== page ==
Automa Blog

Kill Bugs Dead

While our name BugFree Software certainly represents one of our core values, it goes without saying that all software of any appreciable complexity, including our products, will contain bugs. All we can do - what we have to do - is to fix any bugs we find and make sure they never return again.

We recently had a bug where Automa would fail to start without displaying an error message to the user when the installation directory was not writeable. This would for instance occur when the user installed Automa with admin privileges to a folder requiring such privileges, but then started Automa without an elevated account. Since we require Automa's installation directory to be writeable, the fix to the problem was to display an error message to the user that says that he might have to start Automa with administrator privileges:

Error message for non-writeable installation directory

In the spirit of acceptance test driven development, the first step in fixing the above problem consisted of writing an automated system test that captures the erroneous behaviour. The backbone of our system tests for Automa is a little Python class that allows sending inputs to and checking outputs from a console process:

class ApplicationConsoleTester(object):
	def send_input(self, input):
		# Implementation details hidden...
	def expect_output(self, expected_output):
		# Implementation details hidden...

You (roughly) use it like so:

cmd = ApplicationConsoleTester("cmd")
cmd.send_input("echo Hello World!")
cmd.expect_output("Hello World!")

When the expected output is not received within a given timeout, an AssertionError is raised. This makes it very easy to use ApplicationConsoleTester in conjunction with one of the unit testing frameworks available for Python.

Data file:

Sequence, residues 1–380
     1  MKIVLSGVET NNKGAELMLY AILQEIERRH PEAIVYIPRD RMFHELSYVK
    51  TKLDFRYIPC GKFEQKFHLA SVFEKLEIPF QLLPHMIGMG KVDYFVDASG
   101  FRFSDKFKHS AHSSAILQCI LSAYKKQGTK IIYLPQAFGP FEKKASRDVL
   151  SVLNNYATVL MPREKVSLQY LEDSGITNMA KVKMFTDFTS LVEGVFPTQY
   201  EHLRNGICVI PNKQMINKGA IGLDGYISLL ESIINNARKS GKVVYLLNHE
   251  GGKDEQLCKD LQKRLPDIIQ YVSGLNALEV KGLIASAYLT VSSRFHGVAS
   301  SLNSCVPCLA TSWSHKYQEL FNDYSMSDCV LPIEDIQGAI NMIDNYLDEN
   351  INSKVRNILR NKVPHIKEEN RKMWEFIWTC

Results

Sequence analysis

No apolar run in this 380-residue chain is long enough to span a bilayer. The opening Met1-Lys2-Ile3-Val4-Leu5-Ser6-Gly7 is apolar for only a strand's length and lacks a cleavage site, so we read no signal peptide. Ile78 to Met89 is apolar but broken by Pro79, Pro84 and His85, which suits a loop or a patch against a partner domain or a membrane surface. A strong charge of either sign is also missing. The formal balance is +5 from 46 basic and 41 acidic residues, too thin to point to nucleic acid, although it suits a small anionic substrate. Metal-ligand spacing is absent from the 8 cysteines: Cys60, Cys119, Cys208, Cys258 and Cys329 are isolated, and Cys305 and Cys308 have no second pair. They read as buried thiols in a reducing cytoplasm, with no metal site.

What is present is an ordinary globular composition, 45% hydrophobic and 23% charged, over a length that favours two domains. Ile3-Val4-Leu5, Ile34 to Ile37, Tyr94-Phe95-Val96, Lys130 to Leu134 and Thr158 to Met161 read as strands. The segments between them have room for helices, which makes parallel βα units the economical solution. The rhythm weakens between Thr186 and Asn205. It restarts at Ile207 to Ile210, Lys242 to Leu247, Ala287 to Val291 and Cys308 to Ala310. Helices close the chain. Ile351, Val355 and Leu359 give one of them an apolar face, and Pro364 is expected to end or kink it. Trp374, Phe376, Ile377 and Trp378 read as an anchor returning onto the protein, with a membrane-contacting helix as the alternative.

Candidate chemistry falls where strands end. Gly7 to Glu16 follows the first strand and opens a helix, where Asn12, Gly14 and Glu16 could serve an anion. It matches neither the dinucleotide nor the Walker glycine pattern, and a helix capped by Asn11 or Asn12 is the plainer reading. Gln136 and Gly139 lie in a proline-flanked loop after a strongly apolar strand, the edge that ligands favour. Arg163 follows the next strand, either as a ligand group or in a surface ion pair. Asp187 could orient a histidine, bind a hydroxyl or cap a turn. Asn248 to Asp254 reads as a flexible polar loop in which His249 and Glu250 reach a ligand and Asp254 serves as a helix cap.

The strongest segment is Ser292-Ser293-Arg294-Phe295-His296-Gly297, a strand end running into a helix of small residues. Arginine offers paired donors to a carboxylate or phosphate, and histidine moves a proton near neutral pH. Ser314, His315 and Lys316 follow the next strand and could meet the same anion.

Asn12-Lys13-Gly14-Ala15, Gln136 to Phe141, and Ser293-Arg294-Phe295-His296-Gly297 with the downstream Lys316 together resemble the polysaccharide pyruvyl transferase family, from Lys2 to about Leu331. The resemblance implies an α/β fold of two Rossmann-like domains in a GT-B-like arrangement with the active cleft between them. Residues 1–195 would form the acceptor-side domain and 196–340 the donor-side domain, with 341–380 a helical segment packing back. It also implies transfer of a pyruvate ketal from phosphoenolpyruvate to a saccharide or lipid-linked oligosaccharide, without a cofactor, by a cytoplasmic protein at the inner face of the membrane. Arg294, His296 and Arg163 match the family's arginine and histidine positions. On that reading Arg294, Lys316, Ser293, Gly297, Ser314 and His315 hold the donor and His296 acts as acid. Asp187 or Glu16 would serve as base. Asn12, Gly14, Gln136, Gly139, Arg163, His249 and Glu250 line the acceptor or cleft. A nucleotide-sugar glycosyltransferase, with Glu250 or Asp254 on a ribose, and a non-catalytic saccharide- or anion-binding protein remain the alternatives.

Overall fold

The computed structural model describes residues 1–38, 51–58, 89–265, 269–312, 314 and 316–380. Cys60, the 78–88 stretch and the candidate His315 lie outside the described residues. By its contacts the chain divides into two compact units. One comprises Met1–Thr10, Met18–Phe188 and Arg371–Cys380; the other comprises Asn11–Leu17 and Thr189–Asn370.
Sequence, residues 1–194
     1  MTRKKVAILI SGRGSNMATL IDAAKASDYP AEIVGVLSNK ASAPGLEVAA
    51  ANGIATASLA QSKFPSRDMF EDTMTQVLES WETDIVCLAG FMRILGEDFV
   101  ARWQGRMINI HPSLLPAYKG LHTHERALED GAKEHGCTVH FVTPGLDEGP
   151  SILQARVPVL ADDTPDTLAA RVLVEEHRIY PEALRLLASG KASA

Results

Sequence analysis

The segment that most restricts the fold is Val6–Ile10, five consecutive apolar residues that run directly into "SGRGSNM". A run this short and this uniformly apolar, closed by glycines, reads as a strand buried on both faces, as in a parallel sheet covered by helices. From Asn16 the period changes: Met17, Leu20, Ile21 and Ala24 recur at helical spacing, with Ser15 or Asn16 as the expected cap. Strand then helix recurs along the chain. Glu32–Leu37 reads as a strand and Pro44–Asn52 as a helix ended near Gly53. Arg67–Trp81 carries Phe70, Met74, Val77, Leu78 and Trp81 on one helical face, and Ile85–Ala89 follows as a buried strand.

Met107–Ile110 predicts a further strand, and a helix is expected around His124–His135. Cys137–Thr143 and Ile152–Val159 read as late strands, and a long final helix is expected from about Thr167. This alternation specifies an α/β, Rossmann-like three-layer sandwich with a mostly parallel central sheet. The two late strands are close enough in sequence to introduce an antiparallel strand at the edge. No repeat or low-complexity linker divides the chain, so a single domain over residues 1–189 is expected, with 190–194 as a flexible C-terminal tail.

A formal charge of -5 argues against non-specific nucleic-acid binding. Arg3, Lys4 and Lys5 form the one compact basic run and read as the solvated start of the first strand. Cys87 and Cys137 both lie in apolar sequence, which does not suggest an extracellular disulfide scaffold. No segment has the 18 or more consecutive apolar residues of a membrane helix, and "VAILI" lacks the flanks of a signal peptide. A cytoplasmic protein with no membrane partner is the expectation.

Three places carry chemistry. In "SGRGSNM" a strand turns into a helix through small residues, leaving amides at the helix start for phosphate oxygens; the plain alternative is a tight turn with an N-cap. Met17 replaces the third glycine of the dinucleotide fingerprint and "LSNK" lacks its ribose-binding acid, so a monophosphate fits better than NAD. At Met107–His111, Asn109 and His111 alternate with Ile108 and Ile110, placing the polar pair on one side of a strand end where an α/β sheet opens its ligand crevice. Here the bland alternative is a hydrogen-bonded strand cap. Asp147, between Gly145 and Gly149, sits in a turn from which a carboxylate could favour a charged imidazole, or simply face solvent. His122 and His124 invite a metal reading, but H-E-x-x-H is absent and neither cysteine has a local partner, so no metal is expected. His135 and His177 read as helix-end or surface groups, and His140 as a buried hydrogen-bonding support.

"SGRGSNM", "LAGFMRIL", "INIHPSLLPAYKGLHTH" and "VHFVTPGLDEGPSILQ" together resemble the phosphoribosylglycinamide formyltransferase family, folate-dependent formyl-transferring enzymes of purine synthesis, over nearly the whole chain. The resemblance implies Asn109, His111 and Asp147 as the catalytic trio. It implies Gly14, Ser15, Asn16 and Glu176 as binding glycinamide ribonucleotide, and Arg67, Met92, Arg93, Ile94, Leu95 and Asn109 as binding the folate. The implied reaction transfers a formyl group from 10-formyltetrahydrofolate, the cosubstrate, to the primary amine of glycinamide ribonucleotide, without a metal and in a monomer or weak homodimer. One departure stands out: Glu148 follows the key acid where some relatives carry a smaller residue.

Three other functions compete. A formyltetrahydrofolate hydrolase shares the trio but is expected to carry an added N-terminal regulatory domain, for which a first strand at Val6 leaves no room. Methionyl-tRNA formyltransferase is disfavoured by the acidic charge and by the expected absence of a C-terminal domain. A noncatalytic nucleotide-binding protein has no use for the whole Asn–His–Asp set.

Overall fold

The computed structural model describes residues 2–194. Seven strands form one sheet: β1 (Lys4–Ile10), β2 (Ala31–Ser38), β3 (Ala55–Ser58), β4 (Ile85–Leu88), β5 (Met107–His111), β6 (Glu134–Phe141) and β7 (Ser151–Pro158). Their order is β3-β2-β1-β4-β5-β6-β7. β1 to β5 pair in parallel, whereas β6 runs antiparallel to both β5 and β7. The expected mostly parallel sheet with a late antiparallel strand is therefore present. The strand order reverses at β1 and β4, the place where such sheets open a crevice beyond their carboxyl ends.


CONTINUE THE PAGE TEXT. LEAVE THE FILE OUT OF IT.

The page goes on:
To highlight the above bug, we wrote the following Python TestCase:

class NonWriteableInstallDirST(unittest.TestCase):
    # Some implementation details hidden...
    def test_error_message_for_non_writeable_install_dir(self):
        self.automa_install_dir.set_writeable(False)
        automa_tester = ApplicationConsoleTester("Automa.exe")
        automa_tester.expect_output(
            "Cannot write to Automa's installation directory. If you "
            "installed Automa with administrator privileges then you "
            "might also have to start Automa with those privileges.\n"
            "\nType Enter to quit."
        )
        sleep(5)
        self.assertFalse(
            automa_tester.hasTerminated(), 
            "Automa did not give the user enough time to "
            "see the error message."
        )
        automa_tester.send_input("\n")
        self.assertTrue(automa_tester.hasTerminated())

Once we had written the test and seen it fail (in the style of good (acceptance)-test driven development), it was easy to fix the bug.

Having the test automated allows us to execute it every time Automa is built. This ensures that the bug will never occur again. But there is another benefit of having such a system test: By discovering and fixing the bug, we have effectively enriched Automa's feature set. Keeping the system tests in sync with development means that the system test suite forms a comprehensive, up-to-date documentation of the required functionality. There is no more partial knowledge as to what works and what doesn't, possibly spread amongst multiple individuals. There is only one truth: that determined by the tests.

blog comments powered by Disqus